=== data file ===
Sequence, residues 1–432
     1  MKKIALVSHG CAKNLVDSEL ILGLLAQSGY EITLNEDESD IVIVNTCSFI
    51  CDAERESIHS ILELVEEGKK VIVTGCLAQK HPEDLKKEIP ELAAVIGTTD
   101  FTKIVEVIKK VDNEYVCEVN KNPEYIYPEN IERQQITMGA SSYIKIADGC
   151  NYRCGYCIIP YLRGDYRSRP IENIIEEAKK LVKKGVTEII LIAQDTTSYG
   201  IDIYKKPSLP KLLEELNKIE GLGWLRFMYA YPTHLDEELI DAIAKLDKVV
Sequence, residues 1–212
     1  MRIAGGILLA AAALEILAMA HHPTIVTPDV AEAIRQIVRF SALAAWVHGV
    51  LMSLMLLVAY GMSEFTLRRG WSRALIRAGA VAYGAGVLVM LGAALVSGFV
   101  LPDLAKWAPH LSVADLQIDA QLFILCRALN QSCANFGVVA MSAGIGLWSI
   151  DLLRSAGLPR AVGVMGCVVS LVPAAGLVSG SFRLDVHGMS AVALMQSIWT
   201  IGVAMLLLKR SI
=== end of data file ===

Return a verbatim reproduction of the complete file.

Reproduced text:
Sequence, residues 1–432
     1  MKKIALVSHG CAKNLVDSEL ILGLLAQSGY EITLNEDESD IVIVNTCSFI
    51  CDAERESIHS ILELVEEGKK VIVTGCLAQK HPEDLKKEIP ELAAVIGTTD
   101  FTKIVEVIKK VDNEYVCEVN KNPEYIYPEN IERQQITMGA SSYIKIADGC
   151  NYRCGYCIIP YLRGDYRSRP IENIIEEAKK LVKKGVTEII LIAQDTTSYG
   201  IDIYKKPSLP KLLEELNKIE GLGWLRFMYA YPTHLDEELI DAIAKLDKVV
Sequence, residues 1–212
     1  MRIAGGILLA AAALEILAMA HHPTIVTPDV AEAIRQIVRF SALAAWVHGV
    51  LMSLMLLVAY GMSEFTLRRG WSRALIRAGA VAYGAGVLVM LGAALVSGFV
   101  LPDLAKWAPH LSVADLQIDA QLFILCRALN QSCANFGVVA MSAGIGLWSI
   151  DLLRSAGLPR AVGVMGCVVS LVPAAGLVSG SFRLDVHGMS AVALMQSIWT
   201  IGVAMLLLKR SI